Russia raises interest rates to prevent capital flight

Sunday, July 27th, 2014 1:21:29 by
Russia increase interest rate

The Russian central bank gained unexpectedly Friday the benchmark interest rate from 7.5% to 8%, Reuters reports, with the aim of trying to prevent investors in anticipation of new sanctions by the West, pull their money in the country and avoid the higher prices caused by the sharp depreciation of the currency. It is the third rise in the price of money so far this year, a factor that does not help to stimulate an economy that stalled in the second quarter and, according to recent estimates by the International Monetary Fund, will grow just 0.2% this year, the worst figure since 2009 when the economy went into recession.

“The Russian central bank has justified its decision due to unexpected high inflation but very clearly a preemptive move to limit capital outflows at the prospect of new sanctions by the U.S. and Europe,” said via e -mail Neil Shearing, chief emerging markets economist at Capital Economics in London.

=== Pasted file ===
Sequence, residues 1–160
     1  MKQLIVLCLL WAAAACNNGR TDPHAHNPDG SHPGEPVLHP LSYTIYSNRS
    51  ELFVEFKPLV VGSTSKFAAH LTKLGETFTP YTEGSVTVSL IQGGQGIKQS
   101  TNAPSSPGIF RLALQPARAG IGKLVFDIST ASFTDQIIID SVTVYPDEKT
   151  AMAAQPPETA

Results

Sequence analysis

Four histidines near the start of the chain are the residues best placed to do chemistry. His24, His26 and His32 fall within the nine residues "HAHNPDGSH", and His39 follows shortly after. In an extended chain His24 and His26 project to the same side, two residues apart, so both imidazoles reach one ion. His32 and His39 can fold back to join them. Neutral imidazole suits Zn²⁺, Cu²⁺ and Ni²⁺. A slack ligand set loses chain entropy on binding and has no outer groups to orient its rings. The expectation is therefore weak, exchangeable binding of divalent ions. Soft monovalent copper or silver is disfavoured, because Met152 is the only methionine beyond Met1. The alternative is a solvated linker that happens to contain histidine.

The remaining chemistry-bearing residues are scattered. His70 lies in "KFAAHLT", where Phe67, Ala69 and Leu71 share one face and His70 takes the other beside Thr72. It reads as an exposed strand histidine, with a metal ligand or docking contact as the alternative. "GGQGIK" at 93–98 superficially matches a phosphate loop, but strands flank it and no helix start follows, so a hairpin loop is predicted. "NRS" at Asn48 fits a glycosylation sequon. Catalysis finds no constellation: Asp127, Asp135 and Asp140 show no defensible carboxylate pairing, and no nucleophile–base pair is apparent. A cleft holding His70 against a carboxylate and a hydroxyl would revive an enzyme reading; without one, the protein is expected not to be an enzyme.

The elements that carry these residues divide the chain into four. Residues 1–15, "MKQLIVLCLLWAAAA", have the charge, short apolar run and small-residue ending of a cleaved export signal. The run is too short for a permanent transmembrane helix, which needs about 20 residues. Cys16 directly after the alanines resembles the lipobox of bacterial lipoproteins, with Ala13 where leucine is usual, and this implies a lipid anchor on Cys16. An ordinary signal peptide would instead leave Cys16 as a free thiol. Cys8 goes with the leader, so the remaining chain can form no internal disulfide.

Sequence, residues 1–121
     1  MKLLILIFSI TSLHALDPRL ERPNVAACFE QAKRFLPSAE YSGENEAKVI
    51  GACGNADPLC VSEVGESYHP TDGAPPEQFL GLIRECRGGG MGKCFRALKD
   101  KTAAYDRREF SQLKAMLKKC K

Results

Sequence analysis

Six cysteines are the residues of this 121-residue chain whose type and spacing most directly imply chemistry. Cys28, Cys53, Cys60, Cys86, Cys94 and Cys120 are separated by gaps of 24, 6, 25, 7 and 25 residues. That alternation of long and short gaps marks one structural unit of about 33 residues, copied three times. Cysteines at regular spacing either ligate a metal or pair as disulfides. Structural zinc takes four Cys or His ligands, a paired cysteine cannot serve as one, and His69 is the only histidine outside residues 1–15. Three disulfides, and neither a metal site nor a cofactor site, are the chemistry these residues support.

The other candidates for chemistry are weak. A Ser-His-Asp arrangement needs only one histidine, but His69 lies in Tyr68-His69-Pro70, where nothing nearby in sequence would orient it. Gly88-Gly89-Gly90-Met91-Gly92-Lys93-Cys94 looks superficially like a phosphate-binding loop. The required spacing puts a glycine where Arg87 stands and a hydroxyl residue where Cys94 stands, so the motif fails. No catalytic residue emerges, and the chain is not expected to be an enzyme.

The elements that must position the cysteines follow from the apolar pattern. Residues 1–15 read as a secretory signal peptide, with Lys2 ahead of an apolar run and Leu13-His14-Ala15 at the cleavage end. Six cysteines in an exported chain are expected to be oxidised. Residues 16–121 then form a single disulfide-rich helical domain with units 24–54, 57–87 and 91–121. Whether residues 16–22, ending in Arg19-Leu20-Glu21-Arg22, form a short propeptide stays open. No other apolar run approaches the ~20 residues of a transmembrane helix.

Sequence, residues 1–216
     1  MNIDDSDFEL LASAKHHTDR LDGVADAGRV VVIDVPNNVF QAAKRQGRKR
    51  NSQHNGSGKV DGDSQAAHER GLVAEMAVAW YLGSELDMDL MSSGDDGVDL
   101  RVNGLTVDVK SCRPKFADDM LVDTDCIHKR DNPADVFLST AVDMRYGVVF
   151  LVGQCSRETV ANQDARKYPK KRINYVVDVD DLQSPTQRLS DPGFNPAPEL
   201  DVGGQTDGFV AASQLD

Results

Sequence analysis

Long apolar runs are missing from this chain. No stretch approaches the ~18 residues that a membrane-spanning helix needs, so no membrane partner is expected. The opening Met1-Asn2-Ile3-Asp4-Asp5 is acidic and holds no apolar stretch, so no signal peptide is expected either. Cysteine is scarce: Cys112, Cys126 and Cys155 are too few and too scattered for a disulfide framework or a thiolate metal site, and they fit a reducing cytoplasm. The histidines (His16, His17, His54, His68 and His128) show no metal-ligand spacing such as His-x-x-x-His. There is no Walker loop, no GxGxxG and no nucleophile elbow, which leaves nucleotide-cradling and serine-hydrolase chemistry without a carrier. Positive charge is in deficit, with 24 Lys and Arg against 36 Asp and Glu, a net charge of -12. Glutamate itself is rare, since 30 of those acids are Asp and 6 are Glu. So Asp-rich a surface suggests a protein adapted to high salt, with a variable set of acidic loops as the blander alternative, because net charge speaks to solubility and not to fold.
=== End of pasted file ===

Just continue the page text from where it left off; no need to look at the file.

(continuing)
Only in the first six months of the year, a net balance of 75 billion left the country before the escalation of the conflict with Ukraine, well above the 62,700 million recorded throughout 2013, according to the Institute of International Finance. And experts fear that this outflow is accelerated if the EU finally reached an agreement to implement a new phase of economic sanctions. Even before the United States expanded its sanctions against the country, Secretary of State for Finance, Sergey Storchak, admitted that the sanctions already imposed on Russia were having “a serious indirect impact” on the economy.

On 16 July, the U.S. forbade its citizens to finance Gazprombank and VEB, two major Russian financial institutions and energy companies Rosneft and OAO Novatek, thus limiting their access to capital markets in the United States.

It is true that the weakness of the ruble has led to a rise in inflation to 7.8 % in June, almost double the 4% target set by the central bank for the whole year. In fact, the ruble is the currency worst behaved among emerging countries, with a depreciation in so far this year closely to 7 %, although the fact that “the country’s international reserves are among the five largest in the world, with almost 500,000 million, equivalent to 20% of GDP, making the country in a clear position of comfort “to support the currency, says Alex Fusté Andbank chief economist.

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